invoke Clio to create a mapping from the modified                    As new software analysis tools are developed, the
source to the target. The old mappings may be read                data from these tools must be mapped into this inte-
in and used as a starting point for the mapping pro-              grated schema. In Figure 2, we also give a relational
cess. Modification is done using operations on data               representation of an example source schema. This
examples, in the data view VMHFOl].                               schema was imported using a wrapper built on top of
   The mapping creation process is inherently inter-              output files produced by a program analysis tool. The
active and incremental. Clio stores the current m a p             wrapper produces a flat schema with no constraints.
ping within its knowledge base and, through an in-                Clio’s schema engine is used to suggest a set of keys
cremental mapping discovery algorithm, allows users               and foreign keys that hold on the data. Foreign keys
to extend and refine mappings one step at a time                  are depicted by dashed lines. Key attributes are un-

derlined. The user may use Clio’s Schema View to                 with its callee using S1, but not using 5’2). Similarly,
browse, edit or augment this schema information.                 an example will be used of a function that is called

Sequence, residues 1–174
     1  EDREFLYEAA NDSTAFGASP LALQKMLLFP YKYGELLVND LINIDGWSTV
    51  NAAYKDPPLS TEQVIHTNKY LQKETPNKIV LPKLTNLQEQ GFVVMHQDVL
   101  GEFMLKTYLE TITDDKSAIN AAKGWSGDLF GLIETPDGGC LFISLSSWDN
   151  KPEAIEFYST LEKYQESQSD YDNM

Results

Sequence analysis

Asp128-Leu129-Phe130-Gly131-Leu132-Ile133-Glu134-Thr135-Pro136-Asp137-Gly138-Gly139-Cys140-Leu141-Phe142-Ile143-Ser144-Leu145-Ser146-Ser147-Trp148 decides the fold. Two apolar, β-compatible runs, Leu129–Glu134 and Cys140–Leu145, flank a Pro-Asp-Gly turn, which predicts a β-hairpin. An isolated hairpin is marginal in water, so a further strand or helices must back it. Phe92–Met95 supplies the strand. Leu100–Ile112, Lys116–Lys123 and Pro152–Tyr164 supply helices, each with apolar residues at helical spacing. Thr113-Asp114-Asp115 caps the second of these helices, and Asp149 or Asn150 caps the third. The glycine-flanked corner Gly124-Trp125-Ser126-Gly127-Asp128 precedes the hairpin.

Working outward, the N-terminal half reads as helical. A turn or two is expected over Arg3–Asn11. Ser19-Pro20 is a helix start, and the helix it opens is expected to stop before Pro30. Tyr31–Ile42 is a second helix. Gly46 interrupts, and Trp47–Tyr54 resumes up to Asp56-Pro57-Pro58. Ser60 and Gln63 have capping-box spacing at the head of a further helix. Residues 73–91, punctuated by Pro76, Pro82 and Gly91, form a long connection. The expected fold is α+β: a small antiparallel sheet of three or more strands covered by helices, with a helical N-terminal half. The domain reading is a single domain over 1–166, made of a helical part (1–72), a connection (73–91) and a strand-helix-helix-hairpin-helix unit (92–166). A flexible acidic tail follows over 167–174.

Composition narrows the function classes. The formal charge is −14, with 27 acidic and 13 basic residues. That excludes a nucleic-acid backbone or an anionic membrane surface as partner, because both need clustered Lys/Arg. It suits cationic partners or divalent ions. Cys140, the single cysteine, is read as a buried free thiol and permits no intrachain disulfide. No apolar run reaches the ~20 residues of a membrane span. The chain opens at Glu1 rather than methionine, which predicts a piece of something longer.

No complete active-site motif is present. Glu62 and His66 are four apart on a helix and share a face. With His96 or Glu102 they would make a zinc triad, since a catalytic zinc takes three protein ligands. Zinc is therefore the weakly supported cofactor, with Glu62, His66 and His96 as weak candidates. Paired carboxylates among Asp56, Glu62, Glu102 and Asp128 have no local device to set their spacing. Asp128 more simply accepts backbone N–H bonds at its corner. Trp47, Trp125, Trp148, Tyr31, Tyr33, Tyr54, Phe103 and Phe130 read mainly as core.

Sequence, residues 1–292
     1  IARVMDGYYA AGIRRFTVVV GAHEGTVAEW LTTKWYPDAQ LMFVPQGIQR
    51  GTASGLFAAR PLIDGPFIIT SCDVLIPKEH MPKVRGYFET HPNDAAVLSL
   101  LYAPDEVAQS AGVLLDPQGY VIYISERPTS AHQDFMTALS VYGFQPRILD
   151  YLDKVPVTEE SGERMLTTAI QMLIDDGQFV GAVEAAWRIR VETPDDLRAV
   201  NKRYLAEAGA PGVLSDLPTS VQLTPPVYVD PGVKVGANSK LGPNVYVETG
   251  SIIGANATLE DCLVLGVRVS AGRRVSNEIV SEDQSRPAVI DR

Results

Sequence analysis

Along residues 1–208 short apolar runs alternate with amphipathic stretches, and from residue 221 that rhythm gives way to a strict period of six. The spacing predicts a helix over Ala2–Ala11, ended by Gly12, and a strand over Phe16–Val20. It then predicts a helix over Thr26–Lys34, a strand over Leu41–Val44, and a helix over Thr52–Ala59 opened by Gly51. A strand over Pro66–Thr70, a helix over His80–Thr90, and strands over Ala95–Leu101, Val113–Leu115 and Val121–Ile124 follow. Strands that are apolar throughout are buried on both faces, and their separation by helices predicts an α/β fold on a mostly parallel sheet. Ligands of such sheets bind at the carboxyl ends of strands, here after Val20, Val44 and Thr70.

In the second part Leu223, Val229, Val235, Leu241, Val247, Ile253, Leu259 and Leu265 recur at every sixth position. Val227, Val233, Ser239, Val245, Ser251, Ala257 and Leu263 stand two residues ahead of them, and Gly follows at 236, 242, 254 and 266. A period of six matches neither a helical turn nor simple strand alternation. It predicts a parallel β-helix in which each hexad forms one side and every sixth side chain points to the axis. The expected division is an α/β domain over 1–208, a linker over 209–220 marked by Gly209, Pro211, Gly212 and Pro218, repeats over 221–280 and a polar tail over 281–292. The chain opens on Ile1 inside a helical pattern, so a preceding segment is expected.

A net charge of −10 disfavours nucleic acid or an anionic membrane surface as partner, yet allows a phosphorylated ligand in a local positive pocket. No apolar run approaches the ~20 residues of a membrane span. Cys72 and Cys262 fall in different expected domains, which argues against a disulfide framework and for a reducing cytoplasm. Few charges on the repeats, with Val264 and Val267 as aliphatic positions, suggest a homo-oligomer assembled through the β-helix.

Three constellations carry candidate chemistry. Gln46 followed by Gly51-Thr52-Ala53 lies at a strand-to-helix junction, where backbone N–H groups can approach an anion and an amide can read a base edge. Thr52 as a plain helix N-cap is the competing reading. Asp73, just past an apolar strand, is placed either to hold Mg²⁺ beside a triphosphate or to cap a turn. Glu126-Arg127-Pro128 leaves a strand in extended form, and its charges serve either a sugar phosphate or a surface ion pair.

To start the correspondence process, if the ware-             by at least one function but does not call another
house is populated with data, our correspondence en-             function. Of course, such examples are used only if
gine will apply an attribute matching algorithm to de-           they are available in the data source. Once a join
termine potential correspondences based on the char-                                            1
                                                                 path is selected (perhaps 5 is selected), examples
acteristics of the values of different attributes. For ex-       are also used to determine if the mapping should be
ample, if values in Calls.Caller in the source and               a left-outer join or if the user only wishes References
References. Artif act are all UNIX file pathnames                to be populated with functions that appear in Calls
(that is, a sequence of mainly alphanumeric tokens               (an inner join) [YMHFOl].
separated by ’/’s with perhaps one token having a ’.’               Once the user is happy with this (partial) map-